Cross-training means incorporating one or more different physical activities into your training, whatever your main training activity may be. If running is your main training activity, you may benefit from other disciplines such as swimming, cycling, rowing, team sports, yoga, pilates and strength-training, to name a few.
Benefits of Cross Training for Runners
- By crossing over into other training methods you can improve the balance of your muscles, making the body stronger as a whole and thereby reducing the risk of injury.
- By using another physical activity a runner who has sustained a running-related injury can continue to train and maintain fitness, provided the other activity does not strain the affected area.
- Cross-training provides variety for a runner - mixing up the training can help keep you interested and happy.
Some Specific Gym-based Cross Training Methods
Rowing, cycling and strength-training are a few methods which can be used to good effect in the gym to supplement your running.
Like running, rowing can improve cardiovascular fitness. Some of the muscle groups which are used in running are also used when rowing. Of course, rowing uses the arms and torso more than running does.
Indoor rowing machines can be programmed with workouts which are specifically geared towards improving different running distances, from sprinting to ultra-distance running. As with endurance running, rowing at relatively high intensity can promote mental toughness, giving you the ability to keep going when tired. It can also help you to create a greater tolerance to lactic acid build-up. Being a non-impact activity, rowing can be very useful if you are recovering from an impact-related running injury. You may still be in a position to maintain and develop your level of fitness.
If you are interested in rowing as a form of cross-training, be sure to adopt a good technique at the outset, pushing with your legs, pulling with your arms, all the time having a straight back. Ask a Personal Trainer at the gym to demonstrate a good technique and to check your posture as you row. Try not to overtrain on the rower. Enthusiasm is a very good thing, but be wary of doing too much too soon - build up steadily and gradually.
As with rowing, cycling is a great way to raise your heart rate, and thereby increase your cardiovascular fitness. Being another non-impact activity, cycling can help you to continue to train if you are beset with an injury. Interval sessions, where you mix it up so that you cycle hard then cycle easy at regular intervals, can train you in a way which is similar to uphill running, but without the impact.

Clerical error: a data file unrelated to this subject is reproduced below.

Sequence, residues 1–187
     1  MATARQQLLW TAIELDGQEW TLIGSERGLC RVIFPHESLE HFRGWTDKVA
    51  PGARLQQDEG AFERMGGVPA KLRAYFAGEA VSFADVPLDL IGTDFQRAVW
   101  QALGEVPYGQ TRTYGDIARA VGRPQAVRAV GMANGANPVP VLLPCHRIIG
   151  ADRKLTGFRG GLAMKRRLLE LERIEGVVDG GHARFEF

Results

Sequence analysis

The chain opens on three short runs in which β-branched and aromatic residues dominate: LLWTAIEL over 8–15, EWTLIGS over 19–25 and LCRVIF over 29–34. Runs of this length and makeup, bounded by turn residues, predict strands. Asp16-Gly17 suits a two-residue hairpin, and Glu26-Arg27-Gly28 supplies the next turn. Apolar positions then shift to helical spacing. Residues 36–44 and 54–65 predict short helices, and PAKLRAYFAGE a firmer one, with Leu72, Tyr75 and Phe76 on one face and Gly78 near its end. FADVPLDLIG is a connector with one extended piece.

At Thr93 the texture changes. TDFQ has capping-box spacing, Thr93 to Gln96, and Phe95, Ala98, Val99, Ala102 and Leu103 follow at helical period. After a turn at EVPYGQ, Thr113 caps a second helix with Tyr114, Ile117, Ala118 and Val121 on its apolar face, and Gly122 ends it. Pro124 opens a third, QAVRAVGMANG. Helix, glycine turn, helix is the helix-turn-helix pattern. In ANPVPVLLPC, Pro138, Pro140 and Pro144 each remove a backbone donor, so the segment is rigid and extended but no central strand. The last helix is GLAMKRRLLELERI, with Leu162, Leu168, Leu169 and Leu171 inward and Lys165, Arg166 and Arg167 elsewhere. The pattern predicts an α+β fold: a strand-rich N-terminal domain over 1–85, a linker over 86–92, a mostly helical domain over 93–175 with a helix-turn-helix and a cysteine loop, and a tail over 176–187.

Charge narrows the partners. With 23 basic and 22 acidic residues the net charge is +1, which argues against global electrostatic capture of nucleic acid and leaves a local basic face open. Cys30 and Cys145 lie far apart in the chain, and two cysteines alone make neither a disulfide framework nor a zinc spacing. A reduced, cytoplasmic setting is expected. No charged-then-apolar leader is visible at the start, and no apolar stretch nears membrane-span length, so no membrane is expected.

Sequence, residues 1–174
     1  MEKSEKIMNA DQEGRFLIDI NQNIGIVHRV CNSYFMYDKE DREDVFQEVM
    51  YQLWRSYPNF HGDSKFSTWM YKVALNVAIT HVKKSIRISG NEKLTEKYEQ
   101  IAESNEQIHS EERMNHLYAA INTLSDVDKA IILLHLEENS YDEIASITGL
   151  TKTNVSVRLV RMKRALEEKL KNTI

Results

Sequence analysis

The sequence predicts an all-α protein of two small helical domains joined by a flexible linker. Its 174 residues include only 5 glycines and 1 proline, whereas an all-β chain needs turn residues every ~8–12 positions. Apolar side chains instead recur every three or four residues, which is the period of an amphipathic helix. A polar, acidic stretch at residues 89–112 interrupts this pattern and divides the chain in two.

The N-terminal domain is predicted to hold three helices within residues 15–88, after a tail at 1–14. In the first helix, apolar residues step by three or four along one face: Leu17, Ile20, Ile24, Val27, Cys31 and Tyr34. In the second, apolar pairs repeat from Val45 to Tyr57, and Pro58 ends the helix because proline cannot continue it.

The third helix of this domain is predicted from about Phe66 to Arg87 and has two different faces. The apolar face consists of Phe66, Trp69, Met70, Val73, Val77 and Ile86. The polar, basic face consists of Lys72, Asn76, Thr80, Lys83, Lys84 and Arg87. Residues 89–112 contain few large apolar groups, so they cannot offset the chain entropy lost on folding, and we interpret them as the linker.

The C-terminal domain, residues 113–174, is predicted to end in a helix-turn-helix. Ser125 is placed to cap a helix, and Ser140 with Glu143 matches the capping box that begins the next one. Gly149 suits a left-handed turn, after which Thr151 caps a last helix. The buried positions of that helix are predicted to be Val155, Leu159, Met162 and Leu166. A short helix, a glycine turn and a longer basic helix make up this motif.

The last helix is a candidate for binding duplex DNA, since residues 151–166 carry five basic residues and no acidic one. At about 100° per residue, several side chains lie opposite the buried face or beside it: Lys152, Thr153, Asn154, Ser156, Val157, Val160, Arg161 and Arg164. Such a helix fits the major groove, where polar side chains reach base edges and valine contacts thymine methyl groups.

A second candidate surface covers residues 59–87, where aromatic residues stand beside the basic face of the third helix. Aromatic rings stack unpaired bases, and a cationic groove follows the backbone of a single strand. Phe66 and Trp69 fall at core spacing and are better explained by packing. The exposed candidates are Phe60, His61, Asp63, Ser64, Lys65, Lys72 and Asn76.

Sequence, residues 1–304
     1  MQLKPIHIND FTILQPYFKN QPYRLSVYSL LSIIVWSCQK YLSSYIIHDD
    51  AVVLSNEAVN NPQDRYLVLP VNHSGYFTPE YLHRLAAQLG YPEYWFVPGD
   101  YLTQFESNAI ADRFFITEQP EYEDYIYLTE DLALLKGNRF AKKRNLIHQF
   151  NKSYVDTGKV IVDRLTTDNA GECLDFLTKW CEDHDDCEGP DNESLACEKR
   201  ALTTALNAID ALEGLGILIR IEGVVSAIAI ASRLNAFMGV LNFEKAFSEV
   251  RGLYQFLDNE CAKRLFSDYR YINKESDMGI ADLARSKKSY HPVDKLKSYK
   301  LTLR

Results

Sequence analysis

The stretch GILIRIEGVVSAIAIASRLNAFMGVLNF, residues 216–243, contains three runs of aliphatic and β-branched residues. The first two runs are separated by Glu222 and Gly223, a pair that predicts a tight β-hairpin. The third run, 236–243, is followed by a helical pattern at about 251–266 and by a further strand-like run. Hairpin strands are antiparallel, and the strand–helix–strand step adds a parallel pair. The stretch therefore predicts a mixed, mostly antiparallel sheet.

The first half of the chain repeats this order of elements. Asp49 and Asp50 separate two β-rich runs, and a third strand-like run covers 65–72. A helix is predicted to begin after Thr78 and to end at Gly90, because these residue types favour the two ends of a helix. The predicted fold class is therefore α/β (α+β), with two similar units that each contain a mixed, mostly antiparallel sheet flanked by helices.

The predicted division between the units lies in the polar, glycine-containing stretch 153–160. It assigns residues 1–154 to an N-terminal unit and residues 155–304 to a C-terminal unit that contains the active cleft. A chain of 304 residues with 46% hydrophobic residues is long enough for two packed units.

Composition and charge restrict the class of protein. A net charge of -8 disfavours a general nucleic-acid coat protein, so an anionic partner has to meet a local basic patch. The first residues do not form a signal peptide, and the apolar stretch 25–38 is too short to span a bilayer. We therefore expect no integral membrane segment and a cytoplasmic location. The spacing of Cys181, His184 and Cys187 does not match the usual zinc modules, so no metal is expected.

Cycling chiefly uses the quadriceps. Stronger quads can benefit your knees, providing greater support for them, and more balance can be created between the front and back muscles of the legs, bringing about greater stability. Overall, risk of a running-related injury can be reduced.
Gyms will usually have different types of cycles, for example the upright cycle and recumbent cycle. You might find one more comfortable than the other. You can also set the cycles to different levels of resistance, should you wish an easier or harder session, or mix it up with intervals, pedalling faster and slower repeatedly. A good motivator would be to take part in a spin class.
Free weights, such as dumbbells, barbells and kettlebells, as well as weights built into resistance machines, can be used as a good cross-training method to supplement your running. Studies have shown that strength training can lead to less need of oxygen when running. It follows that with greater oxygen capacity, a runner may run faster and longer than he has done before.
As muscles are strengthened, joints can be better protected and stabilized. The use of weights while doing squats can be particularly beneficial. Structural balance will be promoted, in turn reducing the risk of injury. Building some muscle can raise your metabolism, so that you burn more calories, making you lighter and potentially faster when running. Even at rest you will be burning more calories than previously.
Strength-training can also result in shorter recovery periods after longer runs. A runner can develop strength and stability simply by using their own bodyweight. Look out for our Core Stability Workshops and other workshops at our Running School.
Enlisting the help of a Personal Trainer
Gym members and non-gym members alike may wish to enlist the help of a Personal Trainer. A PT can assess your current level of fitness and draw up a plan, taking into account your personal goals and the time you have to devote yourself to them. In this way you can also feel safe in the knowledge that the programme is designed to stretch you but not overstretch you.